Racial discrimination has been linked to psychological distress among people of color. The degree to which psychological distress is associated with racial discrimination experiences varies across individuals. Racial identity may be one key set of individual difference factors that can influence how discrimination impacts psychological distress, but existing empirical findings remain mixed on the moderating role of racial identity in the links between discrimination and distress. The present study leveraged virtual reality technology to experimentally invoke experiences of discrimination. The study was aimed to (1) determine the causal effects of racial discrimination on psychological distress (i.e., stress and negative affect), and (2) characterize the moderating roles of the dimensions of racial identity in the links between discrimination and emotions. Participants included 185 English-speaking ethnic minority adults (Mage = 23.92, SDage = 1.35). We found that real-time experiences of racial discrimination in immersive virtual environments were linked to greater stress and negative affect. We found that racial identity centrality, public regard, and private regard did not moderate the links between discrimination and psychological distress. Findings have implications for current and future understanding of how individuals of color may be negatively impacted by or protected from the harmful experiences of discrimination.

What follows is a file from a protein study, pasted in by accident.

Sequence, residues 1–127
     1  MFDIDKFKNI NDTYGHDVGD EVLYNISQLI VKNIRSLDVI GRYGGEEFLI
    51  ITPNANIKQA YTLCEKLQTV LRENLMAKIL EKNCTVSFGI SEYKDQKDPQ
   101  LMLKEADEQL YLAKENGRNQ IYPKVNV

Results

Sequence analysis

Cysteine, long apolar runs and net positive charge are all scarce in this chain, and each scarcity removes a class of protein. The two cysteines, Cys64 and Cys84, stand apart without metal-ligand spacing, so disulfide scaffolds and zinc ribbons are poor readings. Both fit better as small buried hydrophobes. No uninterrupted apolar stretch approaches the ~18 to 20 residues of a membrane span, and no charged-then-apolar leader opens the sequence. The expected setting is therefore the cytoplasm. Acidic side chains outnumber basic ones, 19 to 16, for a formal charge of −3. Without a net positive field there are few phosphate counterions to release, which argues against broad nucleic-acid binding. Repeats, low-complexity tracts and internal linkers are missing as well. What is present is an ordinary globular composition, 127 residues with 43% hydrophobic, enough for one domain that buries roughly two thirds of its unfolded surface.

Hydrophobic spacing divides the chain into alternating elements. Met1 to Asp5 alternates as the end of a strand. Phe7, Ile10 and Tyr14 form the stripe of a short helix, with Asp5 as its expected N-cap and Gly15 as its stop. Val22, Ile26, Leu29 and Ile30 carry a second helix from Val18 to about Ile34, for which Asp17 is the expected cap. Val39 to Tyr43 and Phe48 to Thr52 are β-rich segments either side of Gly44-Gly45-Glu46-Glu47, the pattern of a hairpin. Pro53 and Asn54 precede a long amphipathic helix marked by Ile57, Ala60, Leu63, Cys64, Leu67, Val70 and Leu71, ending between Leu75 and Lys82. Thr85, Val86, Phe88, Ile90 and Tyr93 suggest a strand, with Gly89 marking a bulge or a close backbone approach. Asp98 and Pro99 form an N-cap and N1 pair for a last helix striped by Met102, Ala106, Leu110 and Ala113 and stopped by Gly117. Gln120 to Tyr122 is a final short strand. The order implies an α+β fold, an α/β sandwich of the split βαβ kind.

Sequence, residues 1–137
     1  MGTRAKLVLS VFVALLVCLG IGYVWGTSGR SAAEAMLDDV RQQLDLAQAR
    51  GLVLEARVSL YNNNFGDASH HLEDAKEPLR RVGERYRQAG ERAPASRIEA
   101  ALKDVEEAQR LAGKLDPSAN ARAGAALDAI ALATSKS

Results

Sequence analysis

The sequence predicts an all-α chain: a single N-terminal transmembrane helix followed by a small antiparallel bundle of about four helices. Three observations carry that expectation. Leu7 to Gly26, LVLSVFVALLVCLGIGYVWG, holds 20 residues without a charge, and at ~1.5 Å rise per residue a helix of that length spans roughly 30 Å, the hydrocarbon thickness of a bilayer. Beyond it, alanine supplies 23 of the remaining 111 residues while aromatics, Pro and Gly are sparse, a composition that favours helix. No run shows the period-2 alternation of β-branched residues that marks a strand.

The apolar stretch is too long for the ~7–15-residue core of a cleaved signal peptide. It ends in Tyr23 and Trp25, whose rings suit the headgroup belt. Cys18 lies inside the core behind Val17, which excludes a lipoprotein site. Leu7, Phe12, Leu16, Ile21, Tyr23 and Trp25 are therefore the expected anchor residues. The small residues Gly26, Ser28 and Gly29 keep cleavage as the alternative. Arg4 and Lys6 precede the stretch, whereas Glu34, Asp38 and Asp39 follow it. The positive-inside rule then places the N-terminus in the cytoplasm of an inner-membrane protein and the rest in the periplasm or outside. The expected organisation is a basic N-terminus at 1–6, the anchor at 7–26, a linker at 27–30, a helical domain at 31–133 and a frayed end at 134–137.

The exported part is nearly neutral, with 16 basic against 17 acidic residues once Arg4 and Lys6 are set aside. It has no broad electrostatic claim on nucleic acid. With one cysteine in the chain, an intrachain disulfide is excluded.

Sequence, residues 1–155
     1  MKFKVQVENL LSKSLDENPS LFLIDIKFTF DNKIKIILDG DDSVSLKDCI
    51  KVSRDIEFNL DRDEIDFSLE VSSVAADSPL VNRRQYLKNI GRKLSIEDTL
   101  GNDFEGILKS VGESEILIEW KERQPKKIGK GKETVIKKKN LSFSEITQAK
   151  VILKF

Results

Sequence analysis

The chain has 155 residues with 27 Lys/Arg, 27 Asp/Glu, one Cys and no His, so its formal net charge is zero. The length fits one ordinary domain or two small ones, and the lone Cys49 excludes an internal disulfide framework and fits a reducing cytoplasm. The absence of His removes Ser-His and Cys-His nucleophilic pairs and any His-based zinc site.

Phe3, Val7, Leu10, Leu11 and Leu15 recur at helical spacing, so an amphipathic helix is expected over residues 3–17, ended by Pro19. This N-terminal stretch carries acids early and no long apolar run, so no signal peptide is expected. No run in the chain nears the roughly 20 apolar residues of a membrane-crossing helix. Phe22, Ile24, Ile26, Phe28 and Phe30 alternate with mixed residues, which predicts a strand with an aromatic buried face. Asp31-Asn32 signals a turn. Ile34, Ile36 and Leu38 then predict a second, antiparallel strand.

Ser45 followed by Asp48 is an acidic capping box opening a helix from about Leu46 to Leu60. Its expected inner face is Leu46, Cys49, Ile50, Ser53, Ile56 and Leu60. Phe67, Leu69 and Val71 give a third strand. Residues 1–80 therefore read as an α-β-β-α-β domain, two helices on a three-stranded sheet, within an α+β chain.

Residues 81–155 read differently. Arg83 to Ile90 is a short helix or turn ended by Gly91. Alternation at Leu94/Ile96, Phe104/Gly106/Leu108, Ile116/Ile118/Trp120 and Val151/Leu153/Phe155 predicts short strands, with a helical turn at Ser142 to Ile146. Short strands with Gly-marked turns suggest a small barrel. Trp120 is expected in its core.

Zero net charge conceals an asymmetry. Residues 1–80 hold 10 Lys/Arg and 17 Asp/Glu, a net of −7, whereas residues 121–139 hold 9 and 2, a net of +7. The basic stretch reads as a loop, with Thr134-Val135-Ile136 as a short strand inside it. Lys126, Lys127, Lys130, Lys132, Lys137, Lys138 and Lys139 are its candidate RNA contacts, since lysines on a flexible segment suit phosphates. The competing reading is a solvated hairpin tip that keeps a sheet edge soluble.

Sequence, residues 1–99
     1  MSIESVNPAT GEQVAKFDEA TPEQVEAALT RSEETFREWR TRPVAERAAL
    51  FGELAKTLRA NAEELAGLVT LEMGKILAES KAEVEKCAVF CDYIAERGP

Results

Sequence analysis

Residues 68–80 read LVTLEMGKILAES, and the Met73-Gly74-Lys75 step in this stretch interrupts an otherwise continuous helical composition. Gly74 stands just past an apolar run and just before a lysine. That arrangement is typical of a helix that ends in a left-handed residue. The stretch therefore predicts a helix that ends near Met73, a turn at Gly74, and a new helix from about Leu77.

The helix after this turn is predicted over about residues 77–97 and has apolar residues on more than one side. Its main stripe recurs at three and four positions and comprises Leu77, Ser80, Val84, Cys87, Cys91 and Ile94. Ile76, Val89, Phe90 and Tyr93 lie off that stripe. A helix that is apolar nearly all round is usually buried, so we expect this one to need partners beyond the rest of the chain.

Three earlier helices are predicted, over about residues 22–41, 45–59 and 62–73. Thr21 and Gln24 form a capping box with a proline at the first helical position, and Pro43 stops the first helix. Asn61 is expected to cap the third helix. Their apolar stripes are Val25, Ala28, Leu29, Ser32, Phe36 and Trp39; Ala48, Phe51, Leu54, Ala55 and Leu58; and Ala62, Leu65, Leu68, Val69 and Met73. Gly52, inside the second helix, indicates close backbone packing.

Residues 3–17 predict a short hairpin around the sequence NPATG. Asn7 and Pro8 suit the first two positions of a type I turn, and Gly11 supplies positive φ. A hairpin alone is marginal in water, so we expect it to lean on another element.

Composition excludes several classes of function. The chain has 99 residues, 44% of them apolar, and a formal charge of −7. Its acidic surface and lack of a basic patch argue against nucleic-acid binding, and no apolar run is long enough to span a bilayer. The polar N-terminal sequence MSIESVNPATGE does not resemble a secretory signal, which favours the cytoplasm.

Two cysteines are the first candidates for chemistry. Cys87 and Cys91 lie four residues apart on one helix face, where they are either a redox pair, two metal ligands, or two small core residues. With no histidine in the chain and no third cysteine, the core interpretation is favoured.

P. Priscilla Lui
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Gobrial, Sarah, "Moderating Roles of Racial Identity in the Effects of Racial Discrimination on Distress" (2022). Psychology Theses and Dissertations. 40.
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